Trust me, you'll have interest in Oseola's story

Trust me, you'll have interest in Oseola's story

Oseola McCarty's life story is an inspirational one and, regarding saving, it's instructive too

I could begin by telling you about an incredible formula and how it has the possibility of changing your financial life, but first let me tell you about a women called Oseola McCarty.

She was born in Mississippi in 1908, and conceived following the rape of her mother. She grew up in a town called Hattiesburg and was raised by her grandmother and aunt. The three of them were incredibly close and when her aunt took ill and couldn’t work anymore, Oseola quit school, and began working full time as a washerwoman.

From a very early age, she was working. Even when she was in school, she would return home and iron clothes, and whatever money she earned from doing that, she would put into her doll buggy.

She was paid pittance but didn’t feel sorry for herself, because she loved to work. “Hard work gives your life meaning,” she said. “Everyone needs to work hard at somethin’ to feel good about themselves, and if you want to feel proud of yourself, you’ve got to do things you can be proud of.”

What was incredible about Oseola was this.

When she retired in 1995, the pennies she earned and saved over her working life had amounted to $280,000. And guess what she did next? She gave it all away.

She first donated $150,000 to the University of Southern Mississippi to fund scholarships for students who couldn’t afford to go there. “I’m giving it away so children won’t have to work so hard, like I did.” she said.

How on earth did this woman manage to save so much money when she earned so little?

Well, she began to save at a very early age. No matter how small or insignificant the amount was, she would save it, and here was the key – she would never take any of it out of her bank account, she just put it in. “It’s not the ones that make big money, but the ones who know how to save get ahead.” She said, “You got to leave it alone long enough for it to increase.”

As for not spending any of it, she said, “My secret was contentment. I was happy with what I had.”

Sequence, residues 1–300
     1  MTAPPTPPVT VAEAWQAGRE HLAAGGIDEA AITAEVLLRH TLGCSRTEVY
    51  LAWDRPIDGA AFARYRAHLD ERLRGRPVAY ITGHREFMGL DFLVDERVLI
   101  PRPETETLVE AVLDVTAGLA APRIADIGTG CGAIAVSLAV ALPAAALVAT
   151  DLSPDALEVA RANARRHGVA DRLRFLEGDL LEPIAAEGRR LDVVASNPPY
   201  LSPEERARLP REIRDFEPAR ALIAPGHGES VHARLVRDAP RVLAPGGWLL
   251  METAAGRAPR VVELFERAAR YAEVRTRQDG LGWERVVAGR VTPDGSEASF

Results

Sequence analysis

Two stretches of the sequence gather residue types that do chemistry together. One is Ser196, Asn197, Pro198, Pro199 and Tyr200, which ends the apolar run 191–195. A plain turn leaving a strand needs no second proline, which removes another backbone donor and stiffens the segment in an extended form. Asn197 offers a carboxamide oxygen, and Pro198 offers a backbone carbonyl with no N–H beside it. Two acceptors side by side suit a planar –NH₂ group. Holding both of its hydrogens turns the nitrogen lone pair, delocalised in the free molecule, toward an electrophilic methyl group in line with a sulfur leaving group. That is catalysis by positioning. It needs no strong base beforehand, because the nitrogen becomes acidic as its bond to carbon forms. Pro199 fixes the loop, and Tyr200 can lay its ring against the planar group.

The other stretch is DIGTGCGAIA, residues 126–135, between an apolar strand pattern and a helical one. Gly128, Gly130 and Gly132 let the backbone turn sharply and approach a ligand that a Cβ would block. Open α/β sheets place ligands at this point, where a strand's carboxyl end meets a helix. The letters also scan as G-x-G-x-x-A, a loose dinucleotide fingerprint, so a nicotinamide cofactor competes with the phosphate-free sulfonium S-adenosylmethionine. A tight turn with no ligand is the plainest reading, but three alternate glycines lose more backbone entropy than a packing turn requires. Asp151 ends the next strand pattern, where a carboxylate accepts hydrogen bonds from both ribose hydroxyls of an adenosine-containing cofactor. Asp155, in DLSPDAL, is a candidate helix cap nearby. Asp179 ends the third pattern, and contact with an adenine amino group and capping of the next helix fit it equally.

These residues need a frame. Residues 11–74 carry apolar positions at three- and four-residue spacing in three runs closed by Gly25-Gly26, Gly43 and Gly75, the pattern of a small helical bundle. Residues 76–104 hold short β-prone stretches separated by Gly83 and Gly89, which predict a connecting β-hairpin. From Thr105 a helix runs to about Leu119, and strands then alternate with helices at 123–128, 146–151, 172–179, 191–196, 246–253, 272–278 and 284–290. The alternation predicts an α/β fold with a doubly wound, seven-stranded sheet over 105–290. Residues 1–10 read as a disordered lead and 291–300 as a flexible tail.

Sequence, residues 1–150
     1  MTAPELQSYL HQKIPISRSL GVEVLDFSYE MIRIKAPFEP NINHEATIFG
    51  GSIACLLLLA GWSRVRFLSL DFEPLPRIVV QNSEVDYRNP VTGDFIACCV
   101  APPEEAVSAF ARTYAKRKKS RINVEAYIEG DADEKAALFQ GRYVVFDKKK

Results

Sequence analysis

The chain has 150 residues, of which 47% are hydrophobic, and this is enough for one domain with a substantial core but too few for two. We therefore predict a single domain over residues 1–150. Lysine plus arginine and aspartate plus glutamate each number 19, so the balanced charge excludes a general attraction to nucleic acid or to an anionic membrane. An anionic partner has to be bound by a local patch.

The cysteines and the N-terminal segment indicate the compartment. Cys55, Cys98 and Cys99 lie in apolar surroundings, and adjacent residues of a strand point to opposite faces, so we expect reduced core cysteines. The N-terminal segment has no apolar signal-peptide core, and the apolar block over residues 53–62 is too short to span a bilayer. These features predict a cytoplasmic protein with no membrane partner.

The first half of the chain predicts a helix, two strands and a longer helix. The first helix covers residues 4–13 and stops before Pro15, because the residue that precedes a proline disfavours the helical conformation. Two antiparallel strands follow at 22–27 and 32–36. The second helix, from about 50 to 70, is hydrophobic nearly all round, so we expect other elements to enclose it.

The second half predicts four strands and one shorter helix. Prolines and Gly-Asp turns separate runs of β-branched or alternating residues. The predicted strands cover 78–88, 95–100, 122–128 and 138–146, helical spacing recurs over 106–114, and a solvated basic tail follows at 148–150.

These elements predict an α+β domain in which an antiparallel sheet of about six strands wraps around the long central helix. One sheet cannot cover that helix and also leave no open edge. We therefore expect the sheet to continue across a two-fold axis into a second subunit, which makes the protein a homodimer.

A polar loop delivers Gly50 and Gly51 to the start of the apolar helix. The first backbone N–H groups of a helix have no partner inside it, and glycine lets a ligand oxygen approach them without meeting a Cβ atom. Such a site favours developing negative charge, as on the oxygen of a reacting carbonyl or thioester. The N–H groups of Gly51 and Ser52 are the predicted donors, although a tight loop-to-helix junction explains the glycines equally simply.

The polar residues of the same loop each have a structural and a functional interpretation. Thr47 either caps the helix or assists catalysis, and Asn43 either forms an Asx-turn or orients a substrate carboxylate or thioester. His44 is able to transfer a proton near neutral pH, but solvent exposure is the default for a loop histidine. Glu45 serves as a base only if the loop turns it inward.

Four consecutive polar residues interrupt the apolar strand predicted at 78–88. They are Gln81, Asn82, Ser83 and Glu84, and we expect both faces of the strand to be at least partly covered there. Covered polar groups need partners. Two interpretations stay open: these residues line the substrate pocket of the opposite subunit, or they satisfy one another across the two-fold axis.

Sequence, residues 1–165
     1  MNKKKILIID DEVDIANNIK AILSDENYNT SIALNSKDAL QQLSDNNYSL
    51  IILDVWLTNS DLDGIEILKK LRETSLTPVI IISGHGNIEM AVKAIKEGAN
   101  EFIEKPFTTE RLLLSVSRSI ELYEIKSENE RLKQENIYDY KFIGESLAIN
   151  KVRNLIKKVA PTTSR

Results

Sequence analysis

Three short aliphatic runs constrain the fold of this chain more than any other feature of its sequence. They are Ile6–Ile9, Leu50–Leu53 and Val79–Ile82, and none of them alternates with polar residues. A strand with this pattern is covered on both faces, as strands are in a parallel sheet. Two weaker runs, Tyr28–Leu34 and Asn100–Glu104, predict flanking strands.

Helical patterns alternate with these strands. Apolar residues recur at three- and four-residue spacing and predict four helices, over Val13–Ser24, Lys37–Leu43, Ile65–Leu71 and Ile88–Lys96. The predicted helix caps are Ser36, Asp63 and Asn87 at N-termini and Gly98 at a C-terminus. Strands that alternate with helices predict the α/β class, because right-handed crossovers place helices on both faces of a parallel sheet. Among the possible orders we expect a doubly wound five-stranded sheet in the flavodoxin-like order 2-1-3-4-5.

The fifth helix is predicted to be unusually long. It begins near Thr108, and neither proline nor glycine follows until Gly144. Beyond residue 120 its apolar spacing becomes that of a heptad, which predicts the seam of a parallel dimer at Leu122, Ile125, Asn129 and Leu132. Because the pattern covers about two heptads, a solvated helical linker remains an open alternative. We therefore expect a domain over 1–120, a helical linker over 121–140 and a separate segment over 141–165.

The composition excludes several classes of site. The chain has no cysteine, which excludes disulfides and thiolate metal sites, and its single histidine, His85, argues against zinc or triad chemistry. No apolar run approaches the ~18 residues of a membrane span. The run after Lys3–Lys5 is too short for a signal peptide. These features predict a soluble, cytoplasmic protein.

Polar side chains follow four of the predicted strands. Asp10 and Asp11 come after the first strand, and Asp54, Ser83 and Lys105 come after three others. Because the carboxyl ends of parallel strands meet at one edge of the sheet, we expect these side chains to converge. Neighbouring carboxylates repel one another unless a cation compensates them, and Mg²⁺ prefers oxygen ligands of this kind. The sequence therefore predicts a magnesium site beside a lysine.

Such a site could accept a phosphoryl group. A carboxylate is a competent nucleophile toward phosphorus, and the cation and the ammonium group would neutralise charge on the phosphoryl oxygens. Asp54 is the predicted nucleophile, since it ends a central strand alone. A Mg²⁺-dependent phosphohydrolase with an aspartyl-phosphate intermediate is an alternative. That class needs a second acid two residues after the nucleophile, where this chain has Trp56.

Oseola made her fortune a dollar or two at a time, which is the way most millionaires make their money. Only a small percentage amass their fortunes with one big windfall or from an inheritance. For the majority, it is a slow but steady accumulation of small amounts over time, along with living within their means.

And whether Oseola knew at the time or not, there was something else that was working in her favour and that was compound interest.

That formula I referred to at the beginning of this article is for compound interest and it is:

P ( 1 + r n ) ( n t ) = A

A is the future value of your money. P is the principle invested. R is the interest rate. N is the number of times the interest compounds during the year. T is the number of year the money is invested for.

There are three parts to this formula, that are critical and they are: 1. The amount you save; 2. Your rate of return; 3. Time

Oseola used two of them very well i.e. the amount she saved and time. But what she didn’t take advantage, or notice, of, was her rate of return, because if she did, she may have saved millions rather than thousands.

While all three are important, you have got to be aware of your rate of return, and the account you are saving into, if you really want to benefit from compound interest. And here’s why.

If you have a lump sum of €10,000 to invest, over the next number of years, table A is what your balance will become depending on what your rate of return will be.

Look what will happen (in table B) if you save €100 each month in addition to that €10,000.

The great thing about compound interest is that your interest earns interest and the higher the return is, the more interest you obviously will make. So, you have to take notice of what interest rate you are earning and what account you are saving into because the difference, as you can see, is massive.

Can you get that type of return? The average return of one stock market index, the S&P 500 over a 59-year term averaged at exactly 7% after accounting for inflation so it’s possible but you need to invest in equities, and you need to be in this for the long term.

If anyone ever says to me again, I can’t save because I don’t earn enough or what’s the point in saving so little, it will never amount to anything, I will tell them about Oseola McCarty, and what she did. She probably earned far less than they do and worked much harder and longer than they could ever imagine – I wonder what their response will be then.

And I’m going to leave you with one last quote from Oseola who died on September 26,1999.

“I am proud that I worked hard and that my money will help young people who worked hard to deserve it. I’m proud that I am leaving something positive in this world. My only regret is that I didn’t have more to give.”

What a legacy to leave behind.

Liam Croke is MD of Harmonics Financial Ltd,

based in Plassey. He can be contacted at or

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